Indian Embassy tells 1,500 Indian families stranded in storm in Caribbean to 'go to hell'
Over 1,500 Indian families are stranded in St Maarten as Category 5 storm Irma hits the Caribbean island; locals say Indian Embassy official asked them to 'go to hell'
Hurricane Irma has ravaged the Caribbean island of St Maarten
Come hell or Hurricane Irma, the Indian Embassy in Venezuela won't help the nearly 1,500 Indians who are stranded in the Caribbean island of St Maarten. In the wake of the massive hurricane, the Indian families there are living without access to food, water or electricity, and are in constant anxiety of being robbed. But, when an Indian resident spoke to an embassy official about an evacuation, they were simply asked to 'go to hell'.
The Dutch territory of St Maarten is one of the islands battered by Hurricane Irma. Indian residents there had their roofs torn off by the sheer force of the hurricane. The island has also been in a state of anarchy, with looting going on in broad daylight, say people who live there. Indians, who have no way to escape, are being targeted.
A damaged Casino Royale on St Maarten, after passage of Hurricane Irma
Get us out of here
Most of these stranded Indians have limited means of communication, and all their efforts to try and get help from the Indian government have thus far yielded nothing productive. WhatsApp groups have been formed to locate missing Indians and re-group in safe spots on the island. Yet, the fear of being robbed lies deep within. All they want is to be evacuated from the region.
Seema Shahani, an Indian who currently lives in St Kitts, another island that is merely 20 minutes away by flight, has her parents taking refuge at her brother's house at St Maarten. "They were visiting him on vacation. Both have health issues and will soon run out of their medicine. We have no way of getting these medicines to them," she told mid-day over an e-mail exchange.
The island has been in a state of anarchy, with looting going on in broad daylight, according to locals. Pic/AFP
Help from Swaraj
Shahani had also written an e-mail to External Affairs Minister Sushma Swaraj on Thursday, as well as tweeted to her multiple times, to tell her about how an evacuation was of utmost importance. In her letter, she mentioned that her friend Sunil Gehani had tried getting in touch over the phone with a certain Mr. Shrivastava from the Indian Embassy in Venezuela. "But he simply asked us to go to hell, and started asking my friend who would pay for the expenses of flying them out," reads Shahani's letter to Swaraj.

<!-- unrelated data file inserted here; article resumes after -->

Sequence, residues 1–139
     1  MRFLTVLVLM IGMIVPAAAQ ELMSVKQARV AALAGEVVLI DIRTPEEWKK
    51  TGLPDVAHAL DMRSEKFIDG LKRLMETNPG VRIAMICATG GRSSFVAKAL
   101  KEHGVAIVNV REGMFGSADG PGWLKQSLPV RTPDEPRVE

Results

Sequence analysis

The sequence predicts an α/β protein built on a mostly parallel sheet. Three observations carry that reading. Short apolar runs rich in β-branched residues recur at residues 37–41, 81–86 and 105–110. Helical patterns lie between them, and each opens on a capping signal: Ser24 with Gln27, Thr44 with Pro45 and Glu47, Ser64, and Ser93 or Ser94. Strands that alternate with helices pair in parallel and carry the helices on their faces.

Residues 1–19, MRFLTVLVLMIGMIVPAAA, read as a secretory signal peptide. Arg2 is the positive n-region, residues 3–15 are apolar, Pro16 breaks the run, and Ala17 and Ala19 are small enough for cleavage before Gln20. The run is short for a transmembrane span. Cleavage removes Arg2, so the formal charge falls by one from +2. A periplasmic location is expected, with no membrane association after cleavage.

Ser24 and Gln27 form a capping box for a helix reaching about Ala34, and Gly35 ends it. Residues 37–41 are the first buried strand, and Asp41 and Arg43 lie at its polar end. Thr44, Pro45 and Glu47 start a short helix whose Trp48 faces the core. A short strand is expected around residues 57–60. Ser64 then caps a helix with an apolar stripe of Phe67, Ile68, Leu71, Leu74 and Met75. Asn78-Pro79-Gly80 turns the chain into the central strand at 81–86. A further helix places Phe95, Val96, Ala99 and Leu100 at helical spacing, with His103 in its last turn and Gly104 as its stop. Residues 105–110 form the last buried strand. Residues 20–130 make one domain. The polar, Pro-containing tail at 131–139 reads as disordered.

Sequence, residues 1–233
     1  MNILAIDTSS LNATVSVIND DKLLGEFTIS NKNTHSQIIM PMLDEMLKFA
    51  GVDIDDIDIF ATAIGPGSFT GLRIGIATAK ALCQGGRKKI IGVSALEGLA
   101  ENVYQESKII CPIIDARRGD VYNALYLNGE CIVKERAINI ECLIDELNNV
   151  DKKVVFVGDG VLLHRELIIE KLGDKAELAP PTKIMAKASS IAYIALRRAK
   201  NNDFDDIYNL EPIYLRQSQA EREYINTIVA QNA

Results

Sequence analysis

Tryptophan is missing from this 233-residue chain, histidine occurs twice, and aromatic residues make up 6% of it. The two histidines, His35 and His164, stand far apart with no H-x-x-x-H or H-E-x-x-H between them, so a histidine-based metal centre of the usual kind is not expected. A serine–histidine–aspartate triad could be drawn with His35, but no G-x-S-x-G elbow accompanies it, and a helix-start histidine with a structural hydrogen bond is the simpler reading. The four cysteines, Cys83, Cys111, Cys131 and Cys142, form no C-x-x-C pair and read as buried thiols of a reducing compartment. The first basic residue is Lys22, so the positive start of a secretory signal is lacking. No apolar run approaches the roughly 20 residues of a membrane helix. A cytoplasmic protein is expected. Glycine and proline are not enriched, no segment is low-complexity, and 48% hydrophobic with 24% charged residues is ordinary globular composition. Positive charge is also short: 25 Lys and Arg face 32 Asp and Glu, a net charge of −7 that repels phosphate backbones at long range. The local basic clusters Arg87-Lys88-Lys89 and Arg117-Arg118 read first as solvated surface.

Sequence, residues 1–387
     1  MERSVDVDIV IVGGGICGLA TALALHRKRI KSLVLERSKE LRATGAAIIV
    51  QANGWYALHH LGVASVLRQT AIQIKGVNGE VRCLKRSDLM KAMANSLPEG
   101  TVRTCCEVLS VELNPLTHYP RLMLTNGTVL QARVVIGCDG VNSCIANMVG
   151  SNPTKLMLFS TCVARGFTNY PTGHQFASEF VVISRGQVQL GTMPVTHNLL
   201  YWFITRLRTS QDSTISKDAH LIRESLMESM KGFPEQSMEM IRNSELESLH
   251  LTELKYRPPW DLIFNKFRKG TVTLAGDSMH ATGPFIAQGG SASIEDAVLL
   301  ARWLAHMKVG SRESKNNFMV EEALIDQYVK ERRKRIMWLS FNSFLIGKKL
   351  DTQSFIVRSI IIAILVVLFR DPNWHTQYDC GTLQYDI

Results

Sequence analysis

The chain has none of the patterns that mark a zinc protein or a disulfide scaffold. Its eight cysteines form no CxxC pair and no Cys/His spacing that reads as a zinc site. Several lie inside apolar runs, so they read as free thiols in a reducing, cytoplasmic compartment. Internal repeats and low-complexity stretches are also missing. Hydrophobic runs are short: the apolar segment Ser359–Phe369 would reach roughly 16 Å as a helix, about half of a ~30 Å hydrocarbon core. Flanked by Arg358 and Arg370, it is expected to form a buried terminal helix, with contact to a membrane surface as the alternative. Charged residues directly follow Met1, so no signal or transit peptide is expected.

She adds, "There is no food or water, and the police are unable to control the looting. Each and every supermarket has been robbed. Our people are seeing it happening, but they are being told that no one can stop the looting now. We contacted [an official in] the Indian Embassy in Venezuela, but he asked us "to go to hell"."
'What's the govt doing?'
"Currently, we are in hell, but because of a government employee who we look up to in times like these," Shahani said in the letter. "Americans have sent boats to rescue their students. We too want to help but can't since the military has taken over. What is the Indian government doing at a time like this? Are these Indians not worthy of your time? We beg you to assist us in rescuing and evacuating our Indian people from St. Maarten."
Fly us out
Shahani has also provided an immediate solution to the minister in her letter, but it is one that requires government permissions for flight landings. "The closest and best option is to evacuate the Indians to St. Kitts. We, along with a few hundred other Indian families, live here and are ready to house as many as we can. The only thing we know that is preventing this is the lack of any landing permission for planes in St Maarten. We want a flight to go there and pick up the stranded Indians, and bring them to St Kitts."
Reassurance from the EAM
Satish Gupta, Sushma Swaraj's personal secretary, replied to Shahani's e-mail. He assured all help to rescue the Indians and asked for details of the conversation with the unruly embassy staff. He said, "We have noted contents of your e-mail with great concern. Let me assure you on the behalf of the Ministry and EAM that we shall do everything possible to help the Indians there. We have already initiated all actions to help Indians. ...we shall appreciate if you can inform details of the staff who conveyed, "go to hell"…You can always reach us for any assistance."
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